Odysseus must travel the known and unknown world before he can return home to his beloved island kingdom of Ithaca. What does this ancient story say to readers today? In this program, Odysseus's story is given ancient and modern historical and philosophical context, and illustrated with centuries of art. Featured are theater director Mary Zimmerman, actor-director Tim Blake-Nelson, and psychologist/author Jonathan Shay.
Unit 4 The Bacchae
The city of Thebes is torn apart by the conflicting demands of reason and religion, as the disguised god Dionysus returns to his home town demanding to be worshipped. Opposing him is the young king Pentheus, who is doomed to suffer the ultimate punishment for his disbelief. Featured speakers include world-renowned playwright/author Wole Soyinka, actor Alan Cumming, and Daniel Mendelsohn of Bard College.
Unit 5 The Bhagavad Gita
This epic tale of the warrior-prince Arjuna confronting a life-or-death dilemma during civil war presents a unique and powerful philosophy of duty, discipline, and serving a higher purpose. Beautiful illustrations connect the story with its rich history and culture. Featured speakers include Sheldon Pollock, Professor of Sanskrit Studies and acclaimed composer Philip Glass.
Unit 6 The Tale of Genji
This portrait of court life in medieval Japan follows the life and exploits of the great Genji. Written by Murasaki Shikibu, a lady of the Japanese court, it provides an insider's view of Japanese court life, the official and behind the screen. Art, clothing, music from the time of the novel illustrate the obserations of authors Jane Smiley and Chiori Miyagawa, among others.
Unit 7 Journey to the West
The powerful and mischievous Stone Monkey King brings chaos to heaven and earth. Freed from a mountain prison in order to guard a Chinese monk on his journey to retrieve the Buddhist scriptures from India, Monkey seeks his own spiritual transformation. Modern performance, contemporary art, and Buddhist philosophers provide a rich context to the ancient tale. Featured cast members include playwright David Henry Huang, storyteller Diane Wolkstein, and translator Professor Anthony Yu.
Unit 8 Popol Vuh
The Mayan book of creation, the dawn of life, and the glories of gods and kings. This magnificent epic was saved from destruction at the hands of the Spanish by Quiché chroniclers. Once repressed, the story is now interwoven with the history of today's Mayan people. Featured speakers include archaeologist Richard Hanson, humorist Mo Rocca, and Guatemalan artist Shuni Giron.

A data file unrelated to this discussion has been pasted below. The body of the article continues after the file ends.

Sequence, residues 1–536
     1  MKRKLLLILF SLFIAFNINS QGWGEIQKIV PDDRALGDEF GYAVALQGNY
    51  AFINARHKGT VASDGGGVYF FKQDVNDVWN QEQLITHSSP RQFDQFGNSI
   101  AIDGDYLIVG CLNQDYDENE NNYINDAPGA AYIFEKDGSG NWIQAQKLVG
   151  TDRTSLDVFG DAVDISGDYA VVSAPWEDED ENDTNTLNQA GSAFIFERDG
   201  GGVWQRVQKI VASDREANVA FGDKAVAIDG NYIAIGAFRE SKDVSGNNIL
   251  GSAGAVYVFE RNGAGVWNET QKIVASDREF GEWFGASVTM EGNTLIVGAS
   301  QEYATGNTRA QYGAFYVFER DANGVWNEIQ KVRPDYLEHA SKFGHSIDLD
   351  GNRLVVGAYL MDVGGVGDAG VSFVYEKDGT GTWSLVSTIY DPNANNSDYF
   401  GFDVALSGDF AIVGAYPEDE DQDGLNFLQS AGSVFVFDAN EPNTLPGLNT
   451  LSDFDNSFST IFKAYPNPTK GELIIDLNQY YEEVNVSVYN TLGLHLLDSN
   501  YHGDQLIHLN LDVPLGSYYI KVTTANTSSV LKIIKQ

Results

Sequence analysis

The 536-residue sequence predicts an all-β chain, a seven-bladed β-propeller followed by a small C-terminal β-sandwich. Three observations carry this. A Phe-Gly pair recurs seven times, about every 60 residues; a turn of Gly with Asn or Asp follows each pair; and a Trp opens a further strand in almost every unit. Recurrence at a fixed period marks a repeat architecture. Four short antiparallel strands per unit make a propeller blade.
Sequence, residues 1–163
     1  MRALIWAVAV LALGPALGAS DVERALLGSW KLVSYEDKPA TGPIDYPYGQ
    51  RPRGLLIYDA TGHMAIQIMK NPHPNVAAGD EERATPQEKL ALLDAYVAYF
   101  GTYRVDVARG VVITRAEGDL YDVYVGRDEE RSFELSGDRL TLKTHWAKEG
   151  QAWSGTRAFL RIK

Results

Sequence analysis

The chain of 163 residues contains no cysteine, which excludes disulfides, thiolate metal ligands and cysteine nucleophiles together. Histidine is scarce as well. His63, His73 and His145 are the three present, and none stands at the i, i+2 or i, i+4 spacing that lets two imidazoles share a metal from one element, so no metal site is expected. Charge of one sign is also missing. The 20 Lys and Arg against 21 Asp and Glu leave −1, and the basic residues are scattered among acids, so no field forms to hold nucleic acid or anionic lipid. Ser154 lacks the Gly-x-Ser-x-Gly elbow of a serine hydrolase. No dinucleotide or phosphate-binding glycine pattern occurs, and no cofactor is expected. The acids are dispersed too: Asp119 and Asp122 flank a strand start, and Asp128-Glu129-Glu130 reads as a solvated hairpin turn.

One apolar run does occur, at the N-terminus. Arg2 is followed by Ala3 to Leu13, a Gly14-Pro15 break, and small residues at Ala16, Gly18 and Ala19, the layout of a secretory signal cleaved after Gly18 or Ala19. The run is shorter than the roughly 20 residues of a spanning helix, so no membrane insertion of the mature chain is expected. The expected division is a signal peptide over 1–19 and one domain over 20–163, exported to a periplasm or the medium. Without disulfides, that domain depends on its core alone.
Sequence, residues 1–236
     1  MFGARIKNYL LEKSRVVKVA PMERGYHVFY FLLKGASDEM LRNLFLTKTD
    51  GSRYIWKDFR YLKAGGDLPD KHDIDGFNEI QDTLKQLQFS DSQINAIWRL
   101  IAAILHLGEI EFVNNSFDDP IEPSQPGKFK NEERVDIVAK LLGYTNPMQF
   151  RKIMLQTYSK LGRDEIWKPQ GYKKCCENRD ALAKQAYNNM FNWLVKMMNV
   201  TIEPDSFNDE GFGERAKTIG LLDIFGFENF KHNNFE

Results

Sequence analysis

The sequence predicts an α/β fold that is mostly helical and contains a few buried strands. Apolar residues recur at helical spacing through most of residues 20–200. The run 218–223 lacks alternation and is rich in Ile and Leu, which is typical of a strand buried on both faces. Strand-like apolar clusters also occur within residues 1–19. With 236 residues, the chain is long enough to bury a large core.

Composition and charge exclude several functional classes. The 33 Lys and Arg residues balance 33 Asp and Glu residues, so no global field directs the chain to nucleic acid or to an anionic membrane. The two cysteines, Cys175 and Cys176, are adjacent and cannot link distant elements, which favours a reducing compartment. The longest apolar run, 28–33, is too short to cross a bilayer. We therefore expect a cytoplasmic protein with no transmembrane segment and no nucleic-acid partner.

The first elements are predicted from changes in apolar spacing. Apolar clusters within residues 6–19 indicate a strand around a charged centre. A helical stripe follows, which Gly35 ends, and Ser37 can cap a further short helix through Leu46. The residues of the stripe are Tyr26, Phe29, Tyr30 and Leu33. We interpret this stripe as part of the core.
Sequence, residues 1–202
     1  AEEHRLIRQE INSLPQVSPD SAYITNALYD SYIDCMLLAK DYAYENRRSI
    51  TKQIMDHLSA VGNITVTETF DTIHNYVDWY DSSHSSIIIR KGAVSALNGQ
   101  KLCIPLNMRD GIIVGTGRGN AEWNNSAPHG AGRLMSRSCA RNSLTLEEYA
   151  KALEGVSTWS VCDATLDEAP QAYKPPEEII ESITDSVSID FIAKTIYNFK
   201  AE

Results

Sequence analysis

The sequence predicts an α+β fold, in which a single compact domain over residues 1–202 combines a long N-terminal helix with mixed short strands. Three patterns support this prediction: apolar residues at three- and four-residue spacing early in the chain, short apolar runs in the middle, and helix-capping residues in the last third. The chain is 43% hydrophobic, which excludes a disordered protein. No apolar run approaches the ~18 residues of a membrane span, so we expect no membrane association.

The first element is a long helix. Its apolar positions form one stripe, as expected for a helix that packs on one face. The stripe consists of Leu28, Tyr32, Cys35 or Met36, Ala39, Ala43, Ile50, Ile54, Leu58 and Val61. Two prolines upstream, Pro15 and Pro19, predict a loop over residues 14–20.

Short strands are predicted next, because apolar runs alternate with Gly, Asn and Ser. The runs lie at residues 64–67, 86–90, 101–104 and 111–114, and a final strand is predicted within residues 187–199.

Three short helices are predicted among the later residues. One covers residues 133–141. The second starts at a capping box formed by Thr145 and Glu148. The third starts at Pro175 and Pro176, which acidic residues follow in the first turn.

Unit 9 Candide
A satirical novel following the travails of Candide, a hopeless optimist whose faith in his tutor's mantra that his is "the best of all possible worlds" is tested beyond all limits. Voltaire's challenge to the aristocracy of his day proves refreshingly amusing and biting today. Original illustrations, songs, and comic book figures plumb the depths of this satire. Featured speakers include director Harold Ramis, actress Kristin Chenoweth, and cartoonist Chris Ware.
Unit 10 Things Fall Apart
In this foundational modern African novel, Chinua Achebe's story follows the lives of people trying to understand which belief systems deserve their loyalty. The protagonist, Okonkwo is a tribal leader who battles neighboring villages, the English, and his own demons in early colonial Nigeria. The perspectives of readers from around the world reveal the novel's universal themes. Cast members include playwright and professor Tess Onwueme and theater director Chuck Mike.
Unit 11 One Hundred Years of Solitude
Gabriel García Márquez's multigenerational saga of the Buendía family in the isolated town of Macondo inaugurated the boom in Latin American literature in the 1970s and marked the beginning of magical realism. Writer Sandra Cisneros and scholar of Latin American literature, Ilan Stavans lend their thoughts and voices to the discussion of this epic novel.
Unit 12 The God of Small Things
Fraternal twins Rahel and Estha struggle to reclaim their lives after their childhood is destroyed by tragic circumstances. As past and present merge in this narrative of Indian society and politics, the many layers of the caste system are mirrored in the poetic and inventive language of the author. Featured speakers include Simon Gikandi of Princeton University, author Evelyn Ch'ien.
Unit 13 The Thousand and One Nights
Shahrazad must hold the interest of her despotic husband the sultan with nightly tales, lest she lose her life in the morning. This wellspring of storytelling, circulating from medieval Persia to Egypt to Iraq, like its wily raconteur lives on in many modern adaptations. Art, performance, and film images are employed to show the collection's broad span of influence. Featured speakers include Marin Alsop, musical director of the Baltimore Symphony Orchestra and Aly Jetha and Shabnam Rezai, co-producers of the 1001 Nights animated series.